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Cell Biology

  1. Hadiya A. Watson1,
  2. Mark Von Zastrow2,
  3. Beverly Wendland1

Published Online: 15 SEP 2006

DOI: 10.1002/3527600906.mcb.200300063

Reviews in Cell Biology and Molecular Medicine

Reviews in Cell Biology and Molecular Medicine

How to Cite

Watson, H. A., Zastrow, M. V. and Wendland, B. 2006. Endocytosis. Reviews in Cell Biology and Molecular Medicine. .

Author Information

  1. 1

    The Johns Hopkins University, Department of Biology, Baltimore, MD, USA

  2. 2

    University of California San Francisco, Department of Psychiatry, San Francisco, CA, USA

Publication History

  1. Published Online: 15 SEP 2006


Interaction with the environment is crucial for the survival of cells, through communication with one another via signaling molecules (e.g. hormones) and nutrient acquisition. One major problem a cell must overcome is how to selectively carry out exchanges with the external environment and still maintain an internal composition that is chemically distinct. The plasma membrane (PM) makes this selectivity possible. While water and small molecules can cross the lipid bilayer by diffusion or transport through the lipid bilayer, larger macromolecules enter a cell by a different mechanism. Endocytosis is the process by which cells internalize extracellular material by forming intracellular membrane-bound vesicles originating from the PM, and subsequently sort the vesicle contents to the appropriate destination. Internalized material includes membrane proteins, PM lipids, and extracellular fluid, and may also include other cells or apoptotic cell fragments, parasites, viruses, nutrients, or activated PM signaling complexes. The critical importance of endocytosis to such a wide variety of physiological processes has made it a focus of intensive investigation by scientists with diverse backgrounds and interests. Indeed, studies of the endocytic pathway are among the most highly interdisciplinary and methodologically innovative in all of modern biology, and the field is currently in a state of exciting and rapid advance. In this chapter, we attempt to summarize our current understanding of the endocytic pathway, focusing on recent progress in elucidating fundamental mechanisms of endocytic membrane trafficking and highlighting selected examples of their diverse physiological functions.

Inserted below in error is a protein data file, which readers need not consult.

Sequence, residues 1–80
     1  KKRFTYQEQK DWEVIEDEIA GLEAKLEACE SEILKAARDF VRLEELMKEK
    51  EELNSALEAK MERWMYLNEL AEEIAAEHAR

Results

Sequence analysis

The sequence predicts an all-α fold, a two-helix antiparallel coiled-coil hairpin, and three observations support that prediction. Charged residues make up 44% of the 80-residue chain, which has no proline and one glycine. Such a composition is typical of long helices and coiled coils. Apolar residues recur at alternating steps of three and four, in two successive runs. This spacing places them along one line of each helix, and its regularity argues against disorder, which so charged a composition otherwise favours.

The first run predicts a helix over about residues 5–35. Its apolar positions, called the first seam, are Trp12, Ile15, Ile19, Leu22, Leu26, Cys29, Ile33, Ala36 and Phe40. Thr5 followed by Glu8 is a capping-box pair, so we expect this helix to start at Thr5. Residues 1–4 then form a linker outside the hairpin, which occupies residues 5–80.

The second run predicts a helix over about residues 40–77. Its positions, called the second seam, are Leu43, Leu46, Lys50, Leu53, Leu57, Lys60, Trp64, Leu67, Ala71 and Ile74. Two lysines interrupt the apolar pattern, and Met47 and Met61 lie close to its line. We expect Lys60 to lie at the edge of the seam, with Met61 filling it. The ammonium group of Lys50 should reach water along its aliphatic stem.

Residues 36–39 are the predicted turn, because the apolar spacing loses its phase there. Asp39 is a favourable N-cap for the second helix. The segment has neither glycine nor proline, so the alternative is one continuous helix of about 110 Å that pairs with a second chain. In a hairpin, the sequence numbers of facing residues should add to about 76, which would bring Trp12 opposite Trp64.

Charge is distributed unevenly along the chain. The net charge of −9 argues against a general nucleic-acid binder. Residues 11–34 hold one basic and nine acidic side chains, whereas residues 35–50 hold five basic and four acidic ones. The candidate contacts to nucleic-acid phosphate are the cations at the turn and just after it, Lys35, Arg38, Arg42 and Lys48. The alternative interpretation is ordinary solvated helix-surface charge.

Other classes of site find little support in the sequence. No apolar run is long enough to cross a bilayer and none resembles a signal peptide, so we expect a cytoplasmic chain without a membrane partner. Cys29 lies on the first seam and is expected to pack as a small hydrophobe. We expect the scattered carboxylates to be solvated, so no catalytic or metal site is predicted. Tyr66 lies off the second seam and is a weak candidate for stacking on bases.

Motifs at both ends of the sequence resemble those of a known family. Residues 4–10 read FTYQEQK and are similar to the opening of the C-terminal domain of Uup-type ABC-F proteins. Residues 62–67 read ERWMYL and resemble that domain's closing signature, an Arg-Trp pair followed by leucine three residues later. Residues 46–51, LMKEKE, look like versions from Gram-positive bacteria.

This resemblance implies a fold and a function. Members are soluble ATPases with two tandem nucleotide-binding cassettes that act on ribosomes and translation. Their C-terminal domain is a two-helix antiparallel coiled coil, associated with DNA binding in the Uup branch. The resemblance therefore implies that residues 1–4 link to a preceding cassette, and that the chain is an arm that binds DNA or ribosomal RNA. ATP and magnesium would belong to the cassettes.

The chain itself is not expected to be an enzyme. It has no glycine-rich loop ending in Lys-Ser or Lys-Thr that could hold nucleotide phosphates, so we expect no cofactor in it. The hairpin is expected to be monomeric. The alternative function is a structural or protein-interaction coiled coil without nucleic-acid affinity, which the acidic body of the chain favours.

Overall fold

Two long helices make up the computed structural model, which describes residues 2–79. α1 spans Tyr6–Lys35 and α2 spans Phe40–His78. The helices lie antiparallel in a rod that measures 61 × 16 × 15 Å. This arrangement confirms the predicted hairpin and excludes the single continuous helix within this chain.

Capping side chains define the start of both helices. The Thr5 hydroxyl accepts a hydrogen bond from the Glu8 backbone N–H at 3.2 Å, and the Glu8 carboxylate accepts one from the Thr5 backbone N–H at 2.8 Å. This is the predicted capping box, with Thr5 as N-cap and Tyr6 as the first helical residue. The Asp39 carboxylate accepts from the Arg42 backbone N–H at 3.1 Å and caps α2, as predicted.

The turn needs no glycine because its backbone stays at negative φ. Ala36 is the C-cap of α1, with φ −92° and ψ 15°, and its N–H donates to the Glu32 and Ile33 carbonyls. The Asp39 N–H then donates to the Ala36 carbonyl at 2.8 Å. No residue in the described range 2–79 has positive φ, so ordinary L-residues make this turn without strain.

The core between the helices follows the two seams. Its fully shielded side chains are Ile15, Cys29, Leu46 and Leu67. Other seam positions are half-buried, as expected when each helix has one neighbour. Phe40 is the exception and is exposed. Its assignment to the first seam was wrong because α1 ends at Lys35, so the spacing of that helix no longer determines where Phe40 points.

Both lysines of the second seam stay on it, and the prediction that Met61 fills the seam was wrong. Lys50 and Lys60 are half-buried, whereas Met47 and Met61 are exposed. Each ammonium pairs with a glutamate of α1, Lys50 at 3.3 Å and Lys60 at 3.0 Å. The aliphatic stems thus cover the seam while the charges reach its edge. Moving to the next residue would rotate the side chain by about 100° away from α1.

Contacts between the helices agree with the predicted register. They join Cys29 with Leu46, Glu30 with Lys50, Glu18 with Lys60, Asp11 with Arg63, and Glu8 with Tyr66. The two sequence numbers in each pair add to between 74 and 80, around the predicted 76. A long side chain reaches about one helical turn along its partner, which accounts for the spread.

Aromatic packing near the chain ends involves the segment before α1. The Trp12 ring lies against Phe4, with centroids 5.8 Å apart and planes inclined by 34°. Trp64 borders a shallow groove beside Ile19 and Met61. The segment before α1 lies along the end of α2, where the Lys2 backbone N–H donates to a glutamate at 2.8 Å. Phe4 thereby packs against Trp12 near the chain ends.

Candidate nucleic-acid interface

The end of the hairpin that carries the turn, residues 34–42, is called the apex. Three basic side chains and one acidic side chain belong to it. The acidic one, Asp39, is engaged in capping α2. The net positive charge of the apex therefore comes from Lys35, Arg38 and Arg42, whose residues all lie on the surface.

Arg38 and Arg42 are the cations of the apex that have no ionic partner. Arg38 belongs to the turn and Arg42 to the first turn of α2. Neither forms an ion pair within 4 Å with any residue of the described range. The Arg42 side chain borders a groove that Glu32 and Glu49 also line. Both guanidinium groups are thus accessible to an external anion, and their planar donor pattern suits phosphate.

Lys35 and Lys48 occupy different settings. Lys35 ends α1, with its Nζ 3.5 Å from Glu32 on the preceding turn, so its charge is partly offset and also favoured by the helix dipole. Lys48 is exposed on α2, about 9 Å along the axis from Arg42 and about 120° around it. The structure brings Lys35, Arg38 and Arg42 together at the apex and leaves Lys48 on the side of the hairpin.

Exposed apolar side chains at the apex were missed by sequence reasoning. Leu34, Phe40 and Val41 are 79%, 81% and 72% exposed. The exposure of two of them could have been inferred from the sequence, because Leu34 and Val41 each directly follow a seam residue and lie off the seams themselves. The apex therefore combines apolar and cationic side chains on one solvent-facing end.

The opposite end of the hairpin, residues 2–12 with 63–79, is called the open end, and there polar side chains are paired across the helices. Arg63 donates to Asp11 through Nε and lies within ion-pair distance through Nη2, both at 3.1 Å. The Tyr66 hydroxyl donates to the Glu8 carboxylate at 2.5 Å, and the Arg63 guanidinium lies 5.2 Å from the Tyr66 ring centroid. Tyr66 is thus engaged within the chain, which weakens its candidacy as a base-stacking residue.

• Endocytosis;
  • Clathrin;
  • Caveolae;
  • Adaptor Protein;
  • Endosome;
  • Multivesicular Body;
  • Lysosome